Corporal McGarry witnessed the disgraceful act of the Russian gunners, in firing right into the mass of blended friends and foes, not caring if they slaughtered their own men, so long as they could kill the British soldiers.

The survivors of the charge came out in two and threes, and then singly, and sometimes a riderless horse emerged, or a steed with its rider hanging by his heels in the stirrups.

Other men came out wounded and grasping the necks of their horses. There was not a British officer or man who witnessed their return, who, if the order had been given, would have refused to follow and share the fate of the Light Brigade, so maddened were all the troops with the sight.

It may be added that a veteran of the C Company, under Captain Maude, some months since gave a statement to a reporter which coincides in its main points with that of Corporal McGarry.
Press, Volume LXII, Issue 12371, 9 December 1905, Page 6

Corporal Jacob McGarry, Royal Artillery, Battery W, holder of the Crimean, Turkish, and China medals, with clasps, for engagements from 1854 to 1864, died at Kaiapoi on Friday night, in his 78th year.

He received one slight wound from a shot in the leg at Balaclava, where he was one of the witnesses of the gallant charge of the Light Brigade. McGarry joined the colours with the Royal Artillery at Belfast in 1852, and from Woolwich Barracks was transferred, in anticipation of the the Russian war, to Malta, under Colonel Yelverton, and thence to Varna, in Turkey, in 1854.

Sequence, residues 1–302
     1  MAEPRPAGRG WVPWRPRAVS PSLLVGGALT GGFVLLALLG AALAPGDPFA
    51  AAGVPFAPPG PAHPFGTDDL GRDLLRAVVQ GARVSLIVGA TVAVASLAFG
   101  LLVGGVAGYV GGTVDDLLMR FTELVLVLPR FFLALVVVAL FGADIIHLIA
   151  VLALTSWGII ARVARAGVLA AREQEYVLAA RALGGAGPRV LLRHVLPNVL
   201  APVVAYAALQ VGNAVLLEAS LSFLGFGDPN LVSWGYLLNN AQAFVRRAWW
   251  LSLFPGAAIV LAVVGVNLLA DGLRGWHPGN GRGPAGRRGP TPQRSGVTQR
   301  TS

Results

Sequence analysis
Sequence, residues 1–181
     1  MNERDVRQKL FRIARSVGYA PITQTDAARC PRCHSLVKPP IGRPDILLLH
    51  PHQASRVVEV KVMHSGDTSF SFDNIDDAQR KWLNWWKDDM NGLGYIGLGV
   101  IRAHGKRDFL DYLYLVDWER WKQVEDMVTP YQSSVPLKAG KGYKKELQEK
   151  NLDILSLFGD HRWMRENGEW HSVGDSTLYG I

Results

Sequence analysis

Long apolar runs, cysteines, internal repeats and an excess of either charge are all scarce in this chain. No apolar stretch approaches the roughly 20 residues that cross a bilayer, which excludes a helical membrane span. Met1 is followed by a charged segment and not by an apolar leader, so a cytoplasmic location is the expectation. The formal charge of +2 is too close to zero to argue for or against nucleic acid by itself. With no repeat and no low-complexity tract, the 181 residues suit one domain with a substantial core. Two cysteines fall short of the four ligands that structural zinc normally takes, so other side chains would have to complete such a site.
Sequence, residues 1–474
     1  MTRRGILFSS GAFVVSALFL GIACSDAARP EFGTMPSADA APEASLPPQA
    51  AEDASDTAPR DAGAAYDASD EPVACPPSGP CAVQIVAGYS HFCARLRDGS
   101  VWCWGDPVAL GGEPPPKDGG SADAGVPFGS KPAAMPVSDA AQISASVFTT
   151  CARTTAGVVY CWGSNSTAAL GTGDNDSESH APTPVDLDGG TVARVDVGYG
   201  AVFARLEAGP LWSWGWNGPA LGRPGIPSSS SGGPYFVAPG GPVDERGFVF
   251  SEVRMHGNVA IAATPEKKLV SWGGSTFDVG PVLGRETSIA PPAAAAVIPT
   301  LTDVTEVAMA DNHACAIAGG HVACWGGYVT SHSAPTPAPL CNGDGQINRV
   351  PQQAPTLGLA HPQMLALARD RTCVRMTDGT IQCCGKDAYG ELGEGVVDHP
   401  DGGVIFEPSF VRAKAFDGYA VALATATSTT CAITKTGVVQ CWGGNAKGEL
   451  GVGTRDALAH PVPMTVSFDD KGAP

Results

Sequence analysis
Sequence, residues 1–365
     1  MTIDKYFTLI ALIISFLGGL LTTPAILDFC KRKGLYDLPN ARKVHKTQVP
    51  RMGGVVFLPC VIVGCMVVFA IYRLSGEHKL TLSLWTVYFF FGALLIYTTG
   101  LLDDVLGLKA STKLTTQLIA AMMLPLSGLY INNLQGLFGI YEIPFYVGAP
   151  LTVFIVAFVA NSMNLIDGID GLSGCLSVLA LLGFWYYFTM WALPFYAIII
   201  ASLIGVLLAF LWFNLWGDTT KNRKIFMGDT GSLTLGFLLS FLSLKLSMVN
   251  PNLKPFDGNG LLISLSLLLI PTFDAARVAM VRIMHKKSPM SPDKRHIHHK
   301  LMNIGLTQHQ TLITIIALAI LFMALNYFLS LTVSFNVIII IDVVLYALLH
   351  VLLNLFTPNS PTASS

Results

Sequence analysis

He was under fire at the Alma, Balaclava, and siege of Sebastapol. It was at the Balaclava engagements he received promotion to corporal's rank, and on termination of the war gained the Sardinian medal for valour in the field, to which was attached four clasps.

At the time of Lord Kitchener's visit, in February, 1910, the veteran Artillery corporal attracted his attention. "What is this medal?", said Lord Kitchener, pointing to a plain-looking silver medal attached to a blue ribbon. "That is the Sardianian medal for valour, sir," was Corporal McGarry's answer. "That must be rather rare. How and where did you get it?" queried Lord Kitchener. "I got it at Balaclava, sir, for spiking some guns in a battery the Russians were, just breaking into," was the reply. "You must let me shake hands with you," said "K. of K.," and did so, and before leaving wished Mr, McGarry good health and a long life.

Corporal McGarry, on leaving the service, retired on his small. pension, and has resided at Kaiapoi for some years. He leaves a widow and family of four sons and five daughters, with several grand-children, to lament his death.

The military officers have made arrangements to accord Corporal Mc Garry's remains a military funeral tomorrow (Sunday) afternoon.
Press, Volume XLVIII, Issue 14424, 3 August 1912, Page 12

The remains of the late Corporal Jacob McGarry, Royal Artillery, a Crimean veteran, were accorded a military funeral yesterday. The coffin, on which was deceased's old uniform and medals, was draped with the Union Jack, and was borne on an open hearse, with members of the Kaiapoi Rifles acting as bearers.

The cortege was preceded by the Town Band, which played the""Dead March" in Saul. The firing party consisted of old volanteers and Territorials. The Rev. J. Holland officiated at the graveside after which the Last Post was sounded by the buglers.
Press, Volume XLVIII, Issue 14425, 5 August 1912, Page 5